Disrupting Notions of “Protected” Health Information
In the ever-evolving landscape of healthcare, technology is now an indispensable tool for medical providers.

Disrupting Notions of “Protected” Health Information

September 2023

In the ever-evolving landscape of healthcare, technology is now an indispensable tool for medical providers. Artificial intelligence (AI), in particular, is proving invaluable for recording and organizing medical data, streamlining processes, and improving patient care. One prominent example is ChatGPT, an AI application that not only saves time, but also helps providers comply with Indonesia’s health laws. However, beneath the veneer of efficiency and expediency lies a complex web of concerns: confidentiality, privacy, and costs. One critical issue that often goes unnoticed is that AI providers effectively become third parties in the provider-patient relationship when sensitive identifying information is entered into their systems.

Third Parties in Healthcare

Imagine you are shopping for a new laptop. You don’t have a specific brand in mind, but you know it must have particular features within a specific price range. After hours of online research, you watch YouTube videos for further insights. Beneath one of these videos, you notice an advertisement for a laptop that fits your criteria perfectly. How did this happen? The answer lies in the trail of data you left behind during your online quest.

Similarly, when patients and providers interact with AI-driven healthcare tools, they may not fully grasp the implications of sharing sensitive health information. AI providers, like many online services, have the potential to monetize user data. Users often unknowingly consent to the sale of their search and health-related information, either by not reading the fine print or by underestimating the potential loss of privacy. The result is that AI providers become third parties in the healthcare relationship, raising questions about data ownership and the sanctity of patient information.

Ownership of Personal Information Once Divulged to Third-Parties

An illustrative parallel to this issue can be found in the world of DNA testing services. Companies like 23andMe, which are generally known for their commitment to data privacy, share genetic information only with explicit consent and under strict conditions of anonymity. However, public online services like GEDmatch do not adhere to the same stringent standards.
Moreover, even when companies offer customers the option to share data anonymously, they often maintain ownership of the physical DNA samples provided. In some cases, companies include clauses in their terms of service that allow them to use customer data in ways that may not align with individual expectations. This creates a precarious situation where customers unknowingly relinquish control over their genetic information.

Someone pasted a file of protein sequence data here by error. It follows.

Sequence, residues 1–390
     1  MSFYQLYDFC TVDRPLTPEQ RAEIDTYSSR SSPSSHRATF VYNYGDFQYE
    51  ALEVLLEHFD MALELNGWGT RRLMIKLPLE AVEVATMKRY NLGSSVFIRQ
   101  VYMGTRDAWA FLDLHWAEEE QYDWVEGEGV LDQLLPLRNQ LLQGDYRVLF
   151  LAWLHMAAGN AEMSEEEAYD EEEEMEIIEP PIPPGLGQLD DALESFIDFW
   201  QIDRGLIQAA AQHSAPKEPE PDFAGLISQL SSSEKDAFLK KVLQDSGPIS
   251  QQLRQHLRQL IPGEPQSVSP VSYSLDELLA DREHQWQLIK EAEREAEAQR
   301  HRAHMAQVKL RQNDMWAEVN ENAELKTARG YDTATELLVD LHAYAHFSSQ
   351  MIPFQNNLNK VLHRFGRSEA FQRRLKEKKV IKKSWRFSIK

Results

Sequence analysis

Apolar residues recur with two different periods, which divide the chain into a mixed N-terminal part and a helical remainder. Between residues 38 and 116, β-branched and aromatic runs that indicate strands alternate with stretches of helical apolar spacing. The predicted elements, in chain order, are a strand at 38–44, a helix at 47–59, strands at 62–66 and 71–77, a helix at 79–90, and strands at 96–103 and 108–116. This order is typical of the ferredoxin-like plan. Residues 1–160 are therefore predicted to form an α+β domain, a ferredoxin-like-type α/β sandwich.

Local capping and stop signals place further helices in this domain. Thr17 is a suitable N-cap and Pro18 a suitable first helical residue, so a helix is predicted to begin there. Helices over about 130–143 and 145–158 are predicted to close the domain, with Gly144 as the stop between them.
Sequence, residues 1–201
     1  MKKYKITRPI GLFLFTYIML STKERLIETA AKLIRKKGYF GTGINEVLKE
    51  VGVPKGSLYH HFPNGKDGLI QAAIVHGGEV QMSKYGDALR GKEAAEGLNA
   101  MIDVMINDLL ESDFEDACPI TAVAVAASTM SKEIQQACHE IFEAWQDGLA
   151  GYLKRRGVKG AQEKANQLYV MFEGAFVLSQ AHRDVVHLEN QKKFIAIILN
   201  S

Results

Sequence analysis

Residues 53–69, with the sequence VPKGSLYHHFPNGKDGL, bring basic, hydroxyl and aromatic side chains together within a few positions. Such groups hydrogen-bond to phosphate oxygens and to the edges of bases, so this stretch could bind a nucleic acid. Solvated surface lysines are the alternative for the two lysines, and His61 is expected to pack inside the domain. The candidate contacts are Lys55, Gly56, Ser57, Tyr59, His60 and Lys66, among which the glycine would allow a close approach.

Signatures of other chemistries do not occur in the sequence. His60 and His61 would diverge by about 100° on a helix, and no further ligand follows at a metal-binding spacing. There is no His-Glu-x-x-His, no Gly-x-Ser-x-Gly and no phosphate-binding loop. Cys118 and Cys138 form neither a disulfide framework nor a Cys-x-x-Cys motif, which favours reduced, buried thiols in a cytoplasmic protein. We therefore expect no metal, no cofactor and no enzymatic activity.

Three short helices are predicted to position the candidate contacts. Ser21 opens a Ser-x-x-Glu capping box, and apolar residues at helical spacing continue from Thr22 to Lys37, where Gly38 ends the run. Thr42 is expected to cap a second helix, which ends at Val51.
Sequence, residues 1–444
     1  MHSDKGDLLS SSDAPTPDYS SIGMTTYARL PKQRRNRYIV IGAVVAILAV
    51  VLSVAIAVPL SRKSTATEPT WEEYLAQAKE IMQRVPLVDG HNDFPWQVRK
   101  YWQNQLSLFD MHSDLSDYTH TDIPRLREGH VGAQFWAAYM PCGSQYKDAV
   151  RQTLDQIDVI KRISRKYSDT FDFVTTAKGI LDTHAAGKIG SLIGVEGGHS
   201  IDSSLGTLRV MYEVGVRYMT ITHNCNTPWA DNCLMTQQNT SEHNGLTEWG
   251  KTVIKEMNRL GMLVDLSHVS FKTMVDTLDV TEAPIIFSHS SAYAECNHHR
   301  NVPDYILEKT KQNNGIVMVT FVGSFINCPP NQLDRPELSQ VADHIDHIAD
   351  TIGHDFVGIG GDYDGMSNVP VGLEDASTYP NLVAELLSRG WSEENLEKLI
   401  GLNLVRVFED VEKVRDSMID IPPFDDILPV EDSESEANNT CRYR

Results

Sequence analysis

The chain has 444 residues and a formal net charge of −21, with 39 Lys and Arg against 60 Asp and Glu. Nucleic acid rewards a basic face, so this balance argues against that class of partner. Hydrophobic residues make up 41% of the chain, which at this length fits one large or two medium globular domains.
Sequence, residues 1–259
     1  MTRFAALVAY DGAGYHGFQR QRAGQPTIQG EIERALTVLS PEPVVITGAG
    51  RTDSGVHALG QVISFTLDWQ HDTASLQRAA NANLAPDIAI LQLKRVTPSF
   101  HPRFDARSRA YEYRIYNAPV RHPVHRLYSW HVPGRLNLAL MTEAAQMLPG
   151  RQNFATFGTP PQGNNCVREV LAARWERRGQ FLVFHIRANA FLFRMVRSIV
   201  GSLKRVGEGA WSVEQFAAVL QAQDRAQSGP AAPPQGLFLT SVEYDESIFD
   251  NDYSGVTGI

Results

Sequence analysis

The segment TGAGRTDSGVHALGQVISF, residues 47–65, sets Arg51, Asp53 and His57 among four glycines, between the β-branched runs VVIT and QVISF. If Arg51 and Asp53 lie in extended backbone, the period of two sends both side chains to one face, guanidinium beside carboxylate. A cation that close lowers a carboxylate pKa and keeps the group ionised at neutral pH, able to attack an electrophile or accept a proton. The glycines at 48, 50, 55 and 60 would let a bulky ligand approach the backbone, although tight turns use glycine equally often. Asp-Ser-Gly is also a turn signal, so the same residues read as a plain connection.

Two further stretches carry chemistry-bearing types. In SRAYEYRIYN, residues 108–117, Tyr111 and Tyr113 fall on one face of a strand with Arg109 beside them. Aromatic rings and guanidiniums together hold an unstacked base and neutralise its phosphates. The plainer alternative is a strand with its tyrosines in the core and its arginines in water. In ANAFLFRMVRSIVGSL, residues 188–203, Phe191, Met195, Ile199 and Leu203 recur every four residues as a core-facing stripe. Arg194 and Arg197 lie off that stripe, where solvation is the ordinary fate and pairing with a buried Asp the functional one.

Regulatory Frameworks and Solutions

To address these issues, governments and regulatory bodies must take action. In Indonesia, Minister of Health Regulation No. 24 of 2022 sets the aim of ensuring the security, confidentiality, integrity, and availability of medical record data. This regulation emphasizes the need for electronic medical record storage to guarantee data security and confidentiality.

However, it's crucial to question whether AI providers, such as OpenAI, can truly meet these stringent requirements. While AI is adept at collecting and presenting information, it may not inherently prioritize data security and confidentiality to the same degree as healthcare providers do.

To protect patient data, several steps can be taken:

  • Informed Consent: Patients should be informed clearly and concisely about how their data will be used within AI applications, ensuring they fully understand the implications and can provide informed consent.
  • Public Education: Raising public awareness about the potential loss of privacy when using AI in healthcare is essential. An informed public can make more conscious decisions about sharing their data.
  • Legal Updates: Governments should consider updating medical and privacy laws or introducing new regulations that outline stringent standards for medical providers when using AI applications.
  • Data Protection Laws: Increasing penalties for divulging identifying information on public platforms would incentivize AI companies and users to take data protection more seriously.
  • Compliance Requirements: AI companies should be required to comply with protected health information laws, ensuring they adhere to strict standards of data security and privacy.
  • Alternative Solutions: Governments could subsidize software or recording tools that offer the same benefits as AI applications but do not store data in external facilities.

While AI undoubtedly has its merits in healthcare, especially in improving efficiency and patient care, it also brings forth significant concerns regarding data security and privacy. To protect patients and their sensitive health information, it is imperative that we address these concerns through informed consent, public education, legal updates, and rigorous compliance requirements. Only then can we fully harness the potential of AI while safeguarding the privacy and confidentiality of patient health information.

**From Ms. Tequila Bester, Program Coordinator for Social Issues at the Foundation for International Human Rights Reporting Standards (FIHRRST), and Dr. Meryl Kallman, founder of the Dr's Clinic in Jakarta.